5. Qualitative and Integrated Designs

The research design of the study is described in the first pages of the study in a clear and concise manner. This is formed from the analysis of numerous student testimonials - questionnaires and autobiographies. The actual numbers and time lines of the analysis and data collection are also presented. The study is based on an estimated 1,400 autobiographies, mostly 90 of the most relevant ones, chosen in a selective manner. The two analyses occurred throughout 1974 and 1989. The questions in the questionnaires were aimed to identify happiness and unhappiness and were asked on four age groups (0-5, 6-10, 11-14 and 15-18). The questionnaires had an estimated length of 10 pages and the autobiographies would be between 20 and 40 single spaced pages (Ambert, 1994).

An improvement to the study could have relied in a more longitudinal approach. In this meaning, the analysis does indeed expand over a two time periods, but considers two different samples. It could have been interesting to analyse the same sample at tow different times. Ambert's "A Qualitative Study of Peer Abuse and Its Effects: Theoretical and Empirical Implications" mostly contains qualitative data, but the findings are presented in qualitative formats as well.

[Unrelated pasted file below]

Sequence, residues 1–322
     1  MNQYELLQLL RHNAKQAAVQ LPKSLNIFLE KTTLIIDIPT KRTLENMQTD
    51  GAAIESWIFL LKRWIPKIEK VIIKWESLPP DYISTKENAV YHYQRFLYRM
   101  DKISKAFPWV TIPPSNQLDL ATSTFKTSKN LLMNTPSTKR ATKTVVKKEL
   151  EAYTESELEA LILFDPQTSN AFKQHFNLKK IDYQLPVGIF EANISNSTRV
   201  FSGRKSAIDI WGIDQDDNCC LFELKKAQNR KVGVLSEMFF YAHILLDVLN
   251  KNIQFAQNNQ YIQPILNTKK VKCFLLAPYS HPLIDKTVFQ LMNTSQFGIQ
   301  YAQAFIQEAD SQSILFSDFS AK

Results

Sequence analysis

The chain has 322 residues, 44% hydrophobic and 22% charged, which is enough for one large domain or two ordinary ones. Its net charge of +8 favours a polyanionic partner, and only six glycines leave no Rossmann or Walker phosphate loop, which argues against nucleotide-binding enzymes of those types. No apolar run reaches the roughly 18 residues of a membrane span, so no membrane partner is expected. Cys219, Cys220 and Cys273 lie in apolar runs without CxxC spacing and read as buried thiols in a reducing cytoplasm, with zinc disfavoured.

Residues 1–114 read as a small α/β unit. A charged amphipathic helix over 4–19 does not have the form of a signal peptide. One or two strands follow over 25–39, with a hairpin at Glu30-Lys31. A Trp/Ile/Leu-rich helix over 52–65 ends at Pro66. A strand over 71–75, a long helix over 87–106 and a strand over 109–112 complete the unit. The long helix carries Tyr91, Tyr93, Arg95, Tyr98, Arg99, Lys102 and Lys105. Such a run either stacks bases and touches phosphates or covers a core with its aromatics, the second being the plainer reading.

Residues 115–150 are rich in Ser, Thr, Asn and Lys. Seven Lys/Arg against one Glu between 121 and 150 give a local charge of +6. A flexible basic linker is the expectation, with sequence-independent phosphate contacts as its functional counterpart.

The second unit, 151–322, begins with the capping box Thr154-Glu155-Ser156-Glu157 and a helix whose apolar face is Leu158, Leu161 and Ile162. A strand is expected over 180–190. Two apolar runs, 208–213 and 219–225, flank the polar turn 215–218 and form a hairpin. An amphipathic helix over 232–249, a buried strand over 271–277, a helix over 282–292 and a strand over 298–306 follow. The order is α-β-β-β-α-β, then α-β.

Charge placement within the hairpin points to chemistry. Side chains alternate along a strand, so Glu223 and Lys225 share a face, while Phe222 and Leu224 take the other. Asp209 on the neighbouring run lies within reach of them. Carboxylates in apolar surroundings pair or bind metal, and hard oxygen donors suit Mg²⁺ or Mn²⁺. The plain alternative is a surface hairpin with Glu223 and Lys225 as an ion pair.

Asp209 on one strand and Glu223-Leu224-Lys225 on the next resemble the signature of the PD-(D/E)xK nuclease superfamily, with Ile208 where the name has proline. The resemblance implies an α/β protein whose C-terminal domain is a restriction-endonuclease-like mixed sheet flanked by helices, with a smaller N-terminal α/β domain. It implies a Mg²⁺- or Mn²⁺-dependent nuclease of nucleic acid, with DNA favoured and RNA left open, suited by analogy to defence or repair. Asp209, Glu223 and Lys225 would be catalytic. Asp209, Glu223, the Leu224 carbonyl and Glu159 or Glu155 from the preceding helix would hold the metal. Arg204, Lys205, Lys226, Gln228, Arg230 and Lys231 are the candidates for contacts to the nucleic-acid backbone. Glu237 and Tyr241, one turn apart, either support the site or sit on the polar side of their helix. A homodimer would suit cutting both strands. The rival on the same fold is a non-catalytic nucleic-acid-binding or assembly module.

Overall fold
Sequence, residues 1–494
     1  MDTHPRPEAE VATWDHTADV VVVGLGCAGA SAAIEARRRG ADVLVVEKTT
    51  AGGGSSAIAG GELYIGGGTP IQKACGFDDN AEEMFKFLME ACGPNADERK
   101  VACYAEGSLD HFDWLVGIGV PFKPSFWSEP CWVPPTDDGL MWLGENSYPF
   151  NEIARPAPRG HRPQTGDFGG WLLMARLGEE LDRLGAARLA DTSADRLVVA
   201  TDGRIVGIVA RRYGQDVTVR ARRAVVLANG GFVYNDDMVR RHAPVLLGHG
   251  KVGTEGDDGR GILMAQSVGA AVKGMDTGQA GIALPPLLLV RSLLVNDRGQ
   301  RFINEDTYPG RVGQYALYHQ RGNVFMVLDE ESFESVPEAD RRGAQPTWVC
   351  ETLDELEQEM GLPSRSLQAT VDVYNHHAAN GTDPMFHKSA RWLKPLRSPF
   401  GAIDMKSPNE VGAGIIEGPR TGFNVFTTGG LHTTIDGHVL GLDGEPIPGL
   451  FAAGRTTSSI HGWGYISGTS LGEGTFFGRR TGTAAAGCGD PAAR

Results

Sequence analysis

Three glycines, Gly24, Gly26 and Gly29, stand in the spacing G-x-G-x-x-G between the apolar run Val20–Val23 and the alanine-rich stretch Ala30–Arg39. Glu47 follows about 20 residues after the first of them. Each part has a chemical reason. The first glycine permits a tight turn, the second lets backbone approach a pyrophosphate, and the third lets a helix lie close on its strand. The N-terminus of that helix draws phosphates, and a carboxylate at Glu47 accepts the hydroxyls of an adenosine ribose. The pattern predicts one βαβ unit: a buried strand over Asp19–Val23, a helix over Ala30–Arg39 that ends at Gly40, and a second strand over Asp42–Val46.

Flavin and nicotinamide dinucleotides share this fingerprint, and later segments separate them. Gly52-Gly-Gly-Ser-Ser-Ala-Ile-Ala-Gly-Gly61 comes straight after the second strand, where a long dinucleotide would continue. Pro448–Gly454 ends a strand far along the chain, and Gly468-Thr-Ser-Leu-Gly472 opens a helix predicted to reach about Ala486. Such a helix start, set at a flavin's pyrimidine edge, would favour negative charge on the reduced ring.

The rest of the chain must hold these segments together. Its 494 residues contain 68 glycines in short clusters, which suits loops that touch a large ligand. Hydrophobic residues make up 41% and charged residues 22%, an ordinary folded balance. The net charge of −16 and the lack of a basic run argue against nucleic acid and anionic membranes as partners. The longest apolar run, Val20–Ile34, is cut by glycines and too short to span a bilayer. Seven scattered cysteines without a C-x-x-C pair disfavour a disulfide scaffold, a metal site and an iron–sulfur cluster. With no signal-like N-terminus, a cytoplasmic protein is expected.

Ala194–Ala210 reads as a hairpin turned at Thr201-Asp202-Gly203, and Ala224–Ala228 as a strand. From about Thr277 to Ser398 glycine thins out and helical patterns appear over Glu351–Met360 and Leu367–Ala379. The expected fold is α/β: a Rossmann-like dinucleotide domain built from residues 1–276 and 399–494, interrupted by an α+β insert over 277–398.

6. Qualitative Sampling Designs

The setting of the study is based within a university and the sample is formed from students responding to questions relating to their childhood experiences with peers. The setting is relevant as the university allows the author good access to youth that can recollect past experiences. However, as it has been previously mentioned, it does not consider those young adults which did not go to college. From this standpoint then, the setting is less appropriate. The study of youth which did not go to college and their past peer abuse could represent the topic for a future and more extensive study.